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The First Mormon Government: The Council of Fifty

"When the human and the eternal merge, there will always be adjustment periods."

Photo courtesy of LDS Media Library

Before Joseph Smith ran for US president, he established an organization in Nauvoo to govern the temporal concerns of the Saints. He called the group “the Council of Fifty.” 

I remember the first time I learned about Joseph Smith’s seer stones, polygamous relationships, and other uncomfortable tidbits of Mormon history. I was in a religion class at BYU; my professor had given our class copies of historical documents about seer stones and polygamy, straight from members’ diaries and other primary sources. I definitely felt shock and didn’t really know how to handle this information at first.

However, before my professor ended class, she reminded us that the promise in Moroni 10:3–5 hadn’t changed just because the Lord gave us more knowledge. Moroni counsels, “ I would exhort you that when ye shall read these things, . . . ask God . . . if these things are not true; and if ye shall ask with a sincere heart, with real intent, having faith in Christ, he will manifest the truth of it unto you, by the power of the Holy Ghost.” From that day on, I have welcomed the opportunity to learn about our history, no matter how startling it may be.

The latest historical topic to come to my attention has to do with a group known as the Council of Fifty, a governing council in Nauvoo, Illinois. The Joseph Smith Papers project has released a collection of documents that shed light on the role of the Council of Fifty, entitled “Documents Generated, Reviewed, and Received by the Council of Fifty in Nauvoo.” This group shaped the exodus of the Latter-day Saints to the desert west and managed the political campaigns of LDS leaders. It also managed spiritual matters, such as missions and temple construction.

According to one member quoted in the summary section of the topic, the council was created “to ‘establish a Theocracy’ somewhere in western North America.” This statement, at first glance, seems to clash with our belief that we should be subject to our respective governments (see Article of Faith 12). The Church’s current position is to be a “part of a larger society.” How do we reconcile this past with our present?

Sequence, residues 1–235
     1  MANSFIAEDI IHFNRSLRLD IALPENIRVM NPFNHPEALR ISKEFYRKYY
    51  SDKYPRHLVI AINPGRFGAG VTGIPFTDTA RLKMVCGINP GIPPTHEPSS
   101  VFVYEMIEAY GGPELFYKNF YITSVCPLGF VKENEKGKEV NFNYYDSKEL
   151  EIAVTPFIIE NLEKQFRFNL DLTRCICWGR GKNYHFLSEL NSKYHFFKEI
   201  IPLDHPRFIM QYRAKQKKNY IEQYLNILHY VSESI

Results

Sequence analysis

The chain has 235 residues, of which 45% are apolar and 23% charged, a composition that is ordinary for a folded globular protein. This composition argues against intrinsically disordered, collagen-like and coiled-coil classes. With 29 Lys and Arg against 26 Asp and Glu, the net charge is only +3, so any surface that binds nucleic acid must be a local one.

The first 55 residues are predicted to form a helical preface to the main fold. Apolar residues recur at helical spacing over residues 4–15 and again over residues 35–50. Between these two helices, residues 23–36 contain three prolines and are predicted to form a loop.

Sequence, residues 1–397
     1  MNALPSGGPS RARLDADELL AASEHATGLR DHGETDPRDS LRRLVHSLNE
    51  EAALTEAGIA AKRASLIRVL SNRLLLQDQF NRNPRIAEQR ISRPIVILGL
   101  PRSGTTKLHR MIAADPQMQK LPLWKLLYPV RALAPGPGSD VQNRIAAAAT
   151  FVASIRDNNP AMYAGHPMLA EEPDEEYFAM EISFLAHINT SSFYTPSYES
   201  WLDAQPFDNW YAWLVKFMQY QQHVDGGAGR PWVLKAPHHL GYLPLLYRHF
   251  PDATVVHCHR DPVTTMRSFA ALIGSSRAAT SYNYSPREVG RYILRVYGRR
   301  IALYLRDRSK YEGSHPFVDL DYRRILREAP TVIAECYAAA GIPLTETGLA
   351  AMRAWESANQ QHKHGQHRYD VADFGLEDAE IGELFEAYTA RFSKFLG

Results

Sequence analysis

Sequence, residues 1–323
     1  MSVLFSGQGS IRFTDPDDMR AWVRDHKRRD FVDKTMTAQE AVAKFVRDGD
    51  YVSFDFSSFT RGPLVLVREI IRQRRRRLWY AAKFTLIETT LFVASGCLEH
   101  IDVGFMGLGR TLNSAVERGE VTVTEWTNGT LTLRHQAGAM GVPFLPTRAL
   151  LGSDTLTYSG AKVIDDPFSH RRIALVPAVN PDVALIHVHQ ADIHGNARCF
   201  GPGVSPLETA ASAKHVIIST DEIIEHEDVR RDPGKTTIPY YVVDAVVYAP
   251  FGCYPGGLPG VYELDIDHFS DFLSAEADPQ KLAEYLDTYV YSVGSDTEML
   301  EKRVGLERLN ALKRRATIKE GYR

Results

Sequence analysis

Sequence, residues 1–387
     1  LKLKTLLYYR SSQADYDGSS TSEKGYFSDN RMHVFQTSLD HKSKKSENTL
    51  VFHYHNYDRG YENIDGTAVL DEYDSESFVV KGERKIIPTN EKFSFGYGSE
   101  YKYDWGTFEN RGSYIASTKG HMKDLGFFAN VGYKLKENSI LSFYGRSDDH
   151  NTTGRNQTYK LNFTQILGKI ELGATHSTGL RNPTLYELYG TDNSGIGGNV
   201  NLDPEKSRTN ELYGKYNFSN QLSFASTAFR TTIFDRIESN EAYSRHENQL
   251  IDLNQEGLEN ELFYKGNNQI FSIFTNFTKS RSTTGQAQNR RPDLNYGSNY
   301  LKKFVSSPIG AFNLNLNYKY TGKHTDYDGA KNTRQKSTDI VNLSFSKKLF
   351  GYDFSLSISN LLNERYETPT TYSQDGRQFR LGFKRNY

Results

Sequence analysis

What we come to understand when studying Church history is that when the human and the eternal merge, there will be always be adjustment periods. Heavenly Father definitely teaches us correct principles and gives us a chance to work on them, and then he builds upon that knowledge when we’re ready for it.

When I find what at first seem to be messes in the past, I make sure to keep digging to find the cleanup as well.

Explore “Documents Generated, Reviewed, and Received by the Council of Fifty in Nauvoo” on The Joseph Smith Papers website.

Source: The Joseph Smith Papers

—Emilee Pugh Bell, Mormon Insights

feature image by clark young

Find more insights

Read an overview of the “Council of Fifty: Summary within The Joseph Smith Papers to discover more about the council’s history and purpose.

Check out Erin Steenblik Tanner’s Mormon Insights article “The Joseph Smith Papers: Preserving Precious History to find out more about the careful compilation of The Joseph Smith Papers.

Learn more about The Joseph Smith Papers in Angela Marler’s Mormon Insights article Questions and Answers Found in the Joseph Smith Papers.

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